My last column was about summertime and pets. Something I missed was the implementation of the new changes to the city’s responsible pet bylaw, which come into effect on July 1.
Under the updated bylaw, 22 C becomes a new number to remember. Dogs cannot be left in cars, by law, in temperatures exceeding 22 C (or below 10 c). This does not include cars running with working air-conditioning or heat, but as I mentioned last column, do not rely on your remote starter to provide that operation.
A new twist is the addition of the “no cycling with your dog at 22 C”. This provision is to again prevent harm to the dogs through heat exhaustion and even the potential for burnt paw pads.
There are also many new regulations for dog daycares and breeders inside city limits. Space and staff allotments for daycares should not pose too much of a problem, as most are apparently already easily within compliance. The breeding regulations are a little different. New licensing requirements for intact animals, and restrictions on the number and frequency of litters any female dog is permitted. I applaud the intent of this, and I truly hope that they can find the money to monitor and enforce this, and the public will to report offenders. For a bylaw that was touted as “revenue neutral,” it seems there may be a large cost to properly investigate and monitor these issues.
Other changes revolve around tying up pets outdoors for extended periods of time, feeding certain wildlife (birds are OK, but feeding squirrels or deer is forbidden to reduce the attraction of wildlife to urban areas and potential conflict with humans).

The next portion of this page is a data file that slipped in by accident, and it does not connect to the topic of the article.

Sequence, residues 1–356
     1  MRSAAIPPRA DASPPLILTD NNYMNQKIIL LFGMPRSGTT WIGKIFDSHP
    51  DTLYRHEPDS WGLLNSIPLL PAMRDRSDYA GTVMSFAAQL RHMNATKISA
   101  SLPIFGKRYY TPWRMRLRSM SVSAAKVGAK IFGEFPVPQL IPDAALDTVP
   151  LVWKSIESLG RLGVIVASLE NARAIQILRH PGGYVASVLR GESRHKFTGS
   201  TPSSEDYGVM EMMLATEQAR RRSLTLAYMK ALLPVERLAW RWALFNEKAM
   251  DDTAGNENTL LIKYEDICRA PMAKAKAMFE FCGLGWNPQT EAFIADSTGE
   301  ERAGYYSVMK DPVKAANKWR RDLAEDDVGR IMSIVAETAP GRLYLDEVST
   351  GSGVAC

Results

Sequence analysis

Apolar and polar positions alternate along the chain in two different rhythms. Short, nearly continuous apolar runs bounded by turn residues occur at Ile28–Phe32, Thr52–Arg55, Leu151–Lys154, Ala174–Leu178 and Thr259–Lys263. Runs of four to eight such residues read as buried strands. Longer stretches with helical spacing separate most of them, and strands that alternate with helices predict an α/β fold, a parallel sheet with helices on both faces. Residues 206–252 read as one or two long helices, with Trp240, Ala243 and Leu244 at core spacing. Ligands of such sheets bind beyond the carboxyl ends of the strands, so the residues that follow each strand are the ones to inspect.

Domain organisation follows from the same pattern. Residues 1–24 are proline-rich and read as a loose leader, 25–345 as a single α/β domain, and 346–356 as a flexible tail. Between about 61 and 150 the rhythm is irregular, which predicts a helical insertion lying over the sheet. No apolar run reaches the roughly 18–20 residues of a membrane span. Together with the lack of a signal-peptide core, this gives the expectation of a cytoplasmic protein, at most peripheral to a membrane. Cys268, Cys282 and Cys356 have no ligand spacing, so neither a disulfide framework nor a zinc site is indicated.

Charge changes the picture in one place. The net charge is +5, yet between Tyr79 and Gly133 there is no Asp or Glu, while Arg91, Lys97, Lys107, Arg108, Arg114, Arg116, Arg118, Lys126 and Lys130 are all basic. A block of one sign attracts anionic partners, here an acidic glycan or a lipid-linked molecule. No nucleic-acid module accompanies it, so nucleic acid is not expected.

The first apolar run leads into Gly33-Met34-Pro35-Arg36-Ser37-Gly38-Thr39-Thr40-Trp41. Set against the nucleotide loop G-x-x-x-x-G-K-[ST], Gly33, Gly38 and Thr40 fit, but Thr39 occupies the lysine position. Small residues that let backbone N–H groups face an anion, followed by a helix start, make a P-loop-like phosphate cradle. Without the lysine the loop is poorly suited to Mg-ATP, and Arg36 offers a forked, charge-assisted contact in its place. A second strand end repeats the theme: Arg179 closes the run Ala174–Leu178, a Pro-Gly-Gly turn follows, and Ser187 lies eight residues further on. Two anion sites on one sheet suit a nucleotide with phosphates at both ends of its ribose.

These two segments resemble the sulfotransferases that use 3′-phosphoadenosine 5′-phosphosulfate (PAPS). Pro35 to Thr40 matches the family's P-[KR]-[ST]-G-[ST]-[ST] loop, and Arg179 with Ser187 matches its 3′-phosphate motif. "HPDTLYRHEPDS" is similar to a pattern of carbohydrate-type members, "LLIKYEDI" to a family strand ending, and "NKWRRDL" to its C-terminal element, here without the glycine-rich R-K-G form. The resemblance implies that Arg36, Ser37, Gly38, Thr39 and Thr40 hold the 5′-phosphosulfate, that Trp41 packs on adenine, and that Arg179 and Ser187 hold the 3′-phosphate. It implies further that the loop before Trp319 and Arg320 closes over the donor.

Use of glue traps or rodenticide outside is forbidden, unless the rodenticide is applied by a certified technician. Live release traps can still be used but must be monitored daily, and trapped animals must be released or humanely euthanized.
I cannot see where the documents specify who to contact or how if you notice a violation, but I would assume that emergency situations can be 911 calls, otherwise 311 for non-emergency calls. More detail can be seen at: https://clkapps.winnipeg.ca/dmis/docext/viewdoc.asp?documenttypeid=1&docid=6054&doctype=o
Back to summer fun with our pets. Many people want to include pets in our summer travels. If you do, remember that not all pets or people travel well, and before embarking on an extended trip, maybe a weekend jaunt to test the waters would be a great idea.
Many pets may want to accompany you on your epic hikes and excursions during a very hot day on the trip, but as noted above, might not be able to do so safely. So, leaving them kenneled in the hotel room might be the answer, with short hikes before and after to include them in the fun. If it’s a tenting trip, without climate control, you might want to wait for a different time of year.
A plethora of wildlife will distract your dog while camping so, again, a test run under controlled circumstances is always a wise decision. While we may need the actual growl of a bear outside the tent to wake us, a dog can catch a whiff of wild animals from quite a distance and, depending on how reactive your pet is, it can make for some serious issues in a tent.
Sometimes, even a drive with a new pet can reveal an issue. From car sickness to bladder issues to just being an annoying car-mate, barking at every passing car, or cow, or cloud. Some of these issues can be quelled with remedies, and you should talk to your vet about the type and dosage of a Gravol-type product for motion sickness in pets. There are also a number of calming products, based on any number of herbs or extracts that may reduce the stress in the car.
One other factor in travel is food. If you’re feeding a frozen raw product but won’t be able to keep the product frozen for extended periods, there are freeze-dried and air-dried foods that are great (although more expensive) options, and canned foods that are even 95 per cent meat should work well.
With a little forethought and planning, summer vacation can include your furry friends as well. Stay safe!